"What's the Matter with Kansas?" is a deceptively simple episode that reveals layers of complexity in its last act. There's little of the "WE'RE NEARING THE END!" table setting that defined the season's first couple of hours (though Stan's callback to shooting the KGB agent in season one was a reminder of just how much history The Americans has built up since then), nor a set piece as memorable as the visit to the lab in "The Midges." But there was that lovely and lonely little scene at the end, Philip and Elizabeth in bed, with her reasserting her deep love for him by pointing out that she believes her new mark is trying actively to destroy the Soviet Union, and Philip by implication is not — just as he's beginning to have his doubts.
But what I really want to know is what's up with Renée, Stan's new girlfriend. My bet? Mossad.
Genevieve: We’ll get back to Renée — or will we?? — but I don’t want to move on from that final scene just yet. Philip and Elizabeth discussing her second trip to Kansas to go hiking with her bird-watching, gorp-making mark Ben was my favorite moment of this episode, and so much more emotionally and thematically loaded than it appears on the surface.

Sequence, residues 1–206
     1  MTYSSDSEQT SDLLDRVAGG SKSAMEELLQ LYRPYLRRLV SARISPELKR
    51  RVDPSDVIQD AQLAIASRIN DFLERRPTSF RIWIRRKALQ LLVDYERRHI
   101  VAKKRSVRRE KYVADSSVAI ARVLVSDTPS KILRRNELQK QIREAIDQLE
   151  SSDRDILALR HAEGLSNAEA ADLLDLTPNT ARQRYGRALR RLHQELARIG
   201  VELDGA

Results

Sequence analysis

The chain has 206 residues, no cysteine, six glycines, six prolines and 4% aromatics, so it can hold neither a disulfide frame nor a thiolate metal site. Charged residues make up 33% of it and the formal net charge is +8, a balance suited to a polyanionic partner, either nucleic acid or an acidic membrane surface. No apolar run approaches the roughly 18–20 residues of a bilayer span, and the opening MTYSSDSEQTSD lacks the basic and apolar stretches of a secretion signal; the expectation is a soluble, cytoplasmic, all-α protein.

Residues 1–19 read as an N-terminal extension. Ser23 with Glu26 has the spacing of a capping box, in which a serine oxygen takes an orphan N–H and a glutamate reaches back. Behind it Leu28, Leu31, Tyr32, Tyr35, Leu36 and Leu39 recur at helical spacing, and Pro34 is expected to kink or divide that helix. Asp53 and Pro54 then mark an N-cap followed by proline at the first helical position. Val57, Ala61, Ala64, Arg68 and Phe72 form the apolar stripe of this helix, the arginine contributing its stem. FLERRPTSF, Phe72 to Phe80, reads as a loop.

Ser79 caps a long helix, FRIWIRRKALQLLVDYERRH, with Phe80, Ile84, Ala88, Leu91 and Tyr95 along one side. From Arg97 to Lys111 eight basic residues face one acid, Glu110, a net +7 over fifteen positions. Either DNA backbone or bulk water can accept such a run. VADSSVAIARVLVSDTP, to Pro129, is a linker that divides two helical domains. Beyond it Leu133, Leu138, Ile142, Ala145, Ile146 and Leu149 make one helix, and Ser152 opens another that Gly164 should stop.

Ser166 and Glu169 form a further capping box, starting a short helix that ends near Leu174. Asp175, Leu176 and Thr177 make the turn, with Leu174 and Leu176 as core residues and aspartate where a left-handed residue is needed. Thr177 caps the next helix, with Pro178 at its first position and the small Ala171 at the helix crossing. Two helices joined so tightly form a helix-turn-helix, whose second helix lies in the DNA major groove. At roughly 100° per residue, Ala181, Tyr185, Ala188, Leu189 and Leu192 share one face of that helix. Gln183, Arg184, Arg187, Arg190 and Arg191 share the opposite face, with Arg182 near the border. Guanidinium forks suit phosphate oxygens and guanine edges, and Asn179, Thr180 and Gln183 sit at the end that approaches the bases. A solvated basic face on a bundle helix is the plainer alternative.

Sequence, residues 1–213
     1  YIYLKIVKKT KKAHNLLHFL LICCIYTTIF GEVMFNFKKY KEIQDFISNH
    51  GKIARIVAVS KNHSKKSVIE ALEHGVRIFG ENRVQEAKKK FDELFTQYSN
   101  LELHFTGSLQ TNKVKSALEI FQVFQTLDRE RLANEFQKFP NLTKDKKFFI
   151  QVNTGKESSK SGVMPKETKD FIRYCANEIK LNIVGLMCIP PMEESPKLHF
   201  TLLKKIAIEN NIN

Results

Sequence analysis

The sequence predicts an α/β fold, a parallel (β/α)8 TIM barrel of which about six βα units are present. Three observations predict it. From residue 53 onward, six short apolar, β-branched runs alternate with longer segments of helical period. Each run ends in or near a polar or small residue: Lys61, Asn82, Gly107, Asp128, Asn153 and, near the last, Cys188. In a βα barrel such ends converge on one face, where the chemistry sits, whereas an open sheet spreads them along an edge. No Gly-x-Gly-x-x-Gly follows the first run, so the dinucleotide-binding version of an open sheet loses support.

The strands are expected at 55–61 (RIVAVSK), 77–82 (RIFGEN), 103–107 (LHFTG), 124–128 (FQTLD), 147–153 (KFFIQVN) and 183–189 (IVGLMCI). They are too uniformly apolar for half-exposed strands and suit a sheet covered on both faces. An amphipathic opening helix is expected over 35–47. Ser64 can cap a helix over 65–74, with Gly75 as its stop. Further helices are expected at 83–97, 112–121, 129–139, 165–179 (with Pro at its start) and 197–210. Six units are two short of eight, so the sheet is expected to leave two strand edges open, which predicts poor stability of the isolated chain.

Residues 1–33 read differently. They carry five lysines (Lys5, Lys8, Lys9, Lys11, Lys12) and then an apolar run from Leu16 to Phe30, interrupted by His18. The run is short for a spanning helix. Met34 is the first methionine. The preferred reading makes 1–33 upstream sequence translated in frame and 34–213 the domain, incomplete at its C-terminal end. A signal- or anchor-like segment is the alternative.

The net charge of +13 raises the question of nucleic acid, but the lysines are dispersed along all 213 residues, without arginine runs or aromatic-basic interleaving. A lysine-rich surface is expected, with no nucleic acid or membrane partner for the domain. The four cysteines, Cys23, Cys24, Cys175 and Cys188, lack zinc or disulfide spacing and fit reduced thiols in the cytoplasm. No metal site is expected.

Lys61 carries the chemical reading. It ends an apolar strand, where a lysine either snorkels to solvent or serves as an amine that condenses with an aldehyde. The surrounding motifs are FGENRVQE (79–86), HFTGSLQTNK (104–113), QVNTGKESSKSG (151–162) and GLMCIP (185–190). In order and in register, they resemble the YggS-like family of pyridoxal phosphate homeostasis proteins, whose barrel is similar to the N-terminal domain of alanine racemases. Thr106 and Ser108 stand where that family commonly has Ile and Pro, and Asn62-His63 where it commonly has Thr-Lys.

Ben seems like a pretty good dude, and Elizabeth as Brenda (wearing what may be her VERY BEST disguise ever) seems genuinely into him — which is heavily contrasted by Philip’s wet squib of an advance on his mark, Deirdre. Philip seems to sense this as they talk, perhaps because he recognizes some of his old feelings for Martha in Elizabeth — “You like him,” he says knowingly, perhaps a little sadly.
But then here comes Elizabeth with the twist: “I have to sit there with him while he makes his jokes — the guy’s laughing while he’s trying to starve an entire country.” Turns out Elizabeth despises Ben because of what he represents, a revelation that gives Philip, and perhaps us, pause. It was so easy to believe Elizabeth might be letting herself fall a bit for Ben; that would certainly be in keeping with the type of complications The Americans likes to throw at its central couple. But even if that might be the case, Elizabeth is so reliably staunch in her beliefs that that line will never blur for her the way it blurred for Philip with Martha.